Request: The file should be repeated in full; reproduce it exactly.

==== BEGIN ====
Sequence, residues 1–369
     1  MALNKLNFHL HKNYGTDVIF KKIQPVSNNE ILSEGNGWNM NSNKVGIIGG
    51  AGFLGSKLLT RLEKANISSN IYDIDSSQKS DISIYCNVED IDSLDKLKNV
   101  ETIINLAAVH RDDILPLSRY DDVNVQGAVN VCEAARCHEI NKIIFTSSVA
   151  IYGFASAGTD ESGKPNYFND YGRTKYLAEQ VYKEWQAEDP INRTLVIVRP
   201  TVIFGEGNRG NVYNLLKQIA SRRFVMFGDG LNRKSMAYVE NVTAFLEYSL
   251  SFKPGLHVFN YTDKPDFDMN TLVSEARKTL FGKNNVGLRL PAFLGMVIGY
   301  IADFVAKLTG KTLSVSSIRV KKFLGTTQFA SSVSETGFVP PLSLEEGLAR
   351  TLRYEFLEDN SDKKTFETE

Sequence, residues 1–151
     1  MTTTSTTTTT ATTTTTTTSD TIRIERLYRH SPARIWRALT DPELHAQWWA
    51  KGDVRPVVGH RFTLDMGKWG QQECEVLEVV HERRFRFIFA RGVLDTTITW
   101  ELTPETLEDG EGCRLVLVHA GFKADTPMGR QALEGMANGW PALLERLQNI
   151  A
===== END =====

Sequence, residues 1–369
     1  MALNKLNFHL HKNYGTDVIF KKIQPVSNNE ILSEGNGWNM NSNKVGIIGG
    51  AGFLGSKLLT RLEKANISSN IYDIDSSQKS DISIYCNVED IDSLDKLKNV
   101  ETIINLAAVH RDDILPLSRY DDVNVQGAVN VCEAARCHEI NKIIFTSSVA
   151  IYGFASAGTD ESGKPNYFND YGRTKYLAEQ VYKEWQAEDP INRTLVIVRP
   201  TVIFGEGNRG NVYNLLKQIA SRRFVMFGDG LNRKSMAYVE NVTAFLEYSL
   251  SFKPGLHVFN YTDKPDFDMN TLVSEARKTL FGKNNVGLRL PAFLGMVIGY
   301  IADFVAKLTG KTLSVSSIRV KKFLGTTQFA SSVSETGFVP PLSLEEGLAR
   351  TLRYEFLEDN SDKKTFETE

Sequence, residues 1–151
     1  MTTTSTTTTT ATTTTTTTSD TIRIERLYRH SPARIWRALT DPELHAQWWA
    51  KGDVRPVVGH RFTLDMGKWG QQECEVLEVV HERRFRFIFA RGVLDTTITW
   101  ELTPETLEDG EGCRLVLVHA GFKADTPMGR QALEGMANGW PALLERLQNI
   151  A